The standard age to start collecting CPP benefits is 65, but you may get a reduced pension as early as age 60, or get a larger pension by starting as late as age 70. A factor affecting the decision of when to start collecting CPP that I hadn’t considered before is the penalty that comes with years when you make no CPP contributions.
Most descriptions of how to calculate your CPP benefits are too hand-wavy to be useful. However, Doug Runchey wrote a great post at the Retire Happy Blog on how to calculate your CPP retirement pension. I used this post to work out my own projected CPP benefits.
I worked out 3 scenarios: collecting at age 60, 65, and 70. When you take your CPP before age 65, your benefits are reduced, and if you postpose benefits until after age 65, your benefits increase. We’re working through a transition period right now, but by 2016 and beyond, the reduction before age 65 is 0.6% per month and the increase after age 65 is 0.7% per month.
This means that if payments start at age 60, the payment amount is reduced 36%, and if they start at age 70, they are increased 42%. It’s important to understand that any reduction or increase is permanent. If you take early CPP at age 60, you won’t get back to normal payments at age 65; the 36% reduction applies for the rest of your life.
In each of my scenarios, I assumed that I wouldn’t be working past age 60. The only variable was the start date of collecting CPP. This means that the longer I delay collecting CPP, the more years I will have without making any CPP contributions. Unfortunately, this reduces CPP benefits more and more the longer I delay CPP benefits.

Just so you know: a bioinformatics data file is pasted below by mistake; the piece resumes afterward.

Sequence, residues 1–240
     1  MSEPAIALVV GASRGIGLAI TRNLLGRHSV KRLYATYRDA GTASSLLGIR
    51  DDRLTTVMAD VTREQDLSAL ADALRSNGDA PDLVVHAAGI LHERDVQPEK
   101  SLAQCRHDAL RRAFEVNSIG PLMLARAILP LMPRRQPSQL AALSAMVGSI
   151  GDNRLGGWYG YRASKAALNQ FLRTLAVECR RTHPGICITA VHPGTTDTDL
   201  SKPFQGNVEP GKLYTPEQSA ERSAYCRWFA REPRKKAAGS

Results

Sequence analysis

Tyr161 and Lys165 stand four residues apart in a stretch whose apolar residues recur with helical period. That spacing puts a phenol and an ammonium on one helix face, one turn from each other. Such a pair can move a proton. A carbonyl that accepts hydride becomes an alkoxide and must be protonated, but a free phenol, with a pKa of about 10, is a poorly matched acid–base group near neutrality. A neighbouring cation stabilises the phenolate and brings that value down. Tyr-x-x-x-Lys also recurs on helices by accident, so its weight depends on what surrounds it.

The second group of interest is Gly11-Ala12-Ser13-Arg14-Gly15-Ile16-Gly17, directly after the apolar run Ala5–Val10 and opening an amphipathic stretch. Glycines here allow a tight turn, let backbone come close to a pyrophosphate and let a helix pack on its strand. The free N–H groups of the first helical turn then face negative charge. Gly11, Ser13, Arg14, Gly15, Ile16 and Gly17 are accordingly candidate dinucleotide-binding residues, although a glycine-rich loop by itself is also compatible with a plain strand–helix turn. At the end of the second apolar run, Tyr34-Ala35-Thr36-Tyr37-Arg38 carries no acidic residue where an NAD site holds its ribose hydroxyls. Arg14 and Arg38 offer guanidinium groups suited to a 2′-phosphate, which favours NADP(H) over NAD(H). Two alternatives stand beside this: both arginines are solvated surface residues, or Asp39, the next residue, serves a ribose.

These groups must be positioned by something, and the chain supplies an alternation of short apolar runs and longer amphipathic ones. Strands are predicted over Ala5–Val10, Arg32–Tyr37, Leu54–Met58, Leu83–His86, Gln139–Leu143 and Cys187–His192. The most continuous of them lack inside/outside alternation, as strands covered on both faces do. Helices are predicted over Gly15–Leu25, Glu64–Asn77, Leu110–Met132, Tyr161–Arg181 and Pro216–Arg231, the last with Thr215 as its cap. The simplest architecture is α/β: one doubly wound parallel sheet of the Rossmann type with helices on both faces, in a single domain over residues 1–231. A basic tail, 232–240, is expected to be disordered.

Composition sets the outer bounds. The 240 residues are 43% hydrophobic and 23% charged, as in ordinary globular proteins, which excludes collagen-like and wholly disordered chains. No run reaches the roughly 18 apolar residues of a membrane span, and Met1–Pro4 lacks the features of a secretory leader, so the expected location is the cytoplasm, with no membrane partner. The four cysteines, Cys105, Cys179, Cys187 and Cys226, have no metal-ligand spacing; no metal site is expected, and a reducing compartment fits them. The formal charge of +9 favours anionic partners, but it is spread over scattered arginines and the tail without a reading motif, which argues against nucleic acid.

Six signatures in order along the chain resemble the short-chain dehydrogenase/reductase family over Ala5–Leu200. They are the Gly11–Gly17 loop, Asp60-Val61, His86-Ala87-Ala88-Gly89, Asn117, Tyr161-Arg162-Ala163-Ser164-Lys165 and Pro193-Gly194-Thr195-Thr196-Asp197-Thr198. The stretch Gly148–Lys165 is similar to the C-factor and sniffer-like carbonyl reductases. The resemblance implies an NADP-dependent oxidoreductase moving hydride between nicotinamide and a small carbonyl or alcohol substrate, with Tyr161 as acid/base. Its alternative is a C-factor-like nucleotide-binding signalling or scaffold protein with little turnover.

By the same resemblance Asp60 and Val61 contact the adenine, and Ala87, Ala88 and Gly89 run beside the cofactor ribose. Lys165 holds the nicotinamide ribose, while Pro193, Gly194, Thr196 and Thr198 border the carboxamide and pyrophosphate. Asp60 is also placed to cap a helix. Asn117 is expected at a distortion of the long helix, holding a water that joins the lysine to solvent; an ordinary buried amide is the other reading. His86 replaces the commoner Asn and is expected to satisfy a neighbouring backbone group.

A very simple analysis of CPP payments takes the 36% penalty for starting at 60 and the 42% bonus for starting at age 70 and declares the benefits at ages 60, 65, and 70 to be in the ratio 64:100:142. However, when I did the full calculations for my situation, which included the penalty for years without contributing, the ratio was 72:100:129.
Based on just these factors, I should take CPP at age 60 if I don’t expect to make it to age 78, should take CPP at 65 if I expect to live to between 78 and 88, and should wait until age 70 if I expect to live past 88. However, another important factor in the timing of starting CPP benefits is the return I expect to make on my savings.
If I expect to make a positive real return on my savings, then the age cut-off ages of 78 and 88 rise. The bottom line for me is that unless the CPP rules change or my working plans change, I’m likely to start collecting CPP benefits at age 60. Each person’s situation is different, though. Your mileage may vary.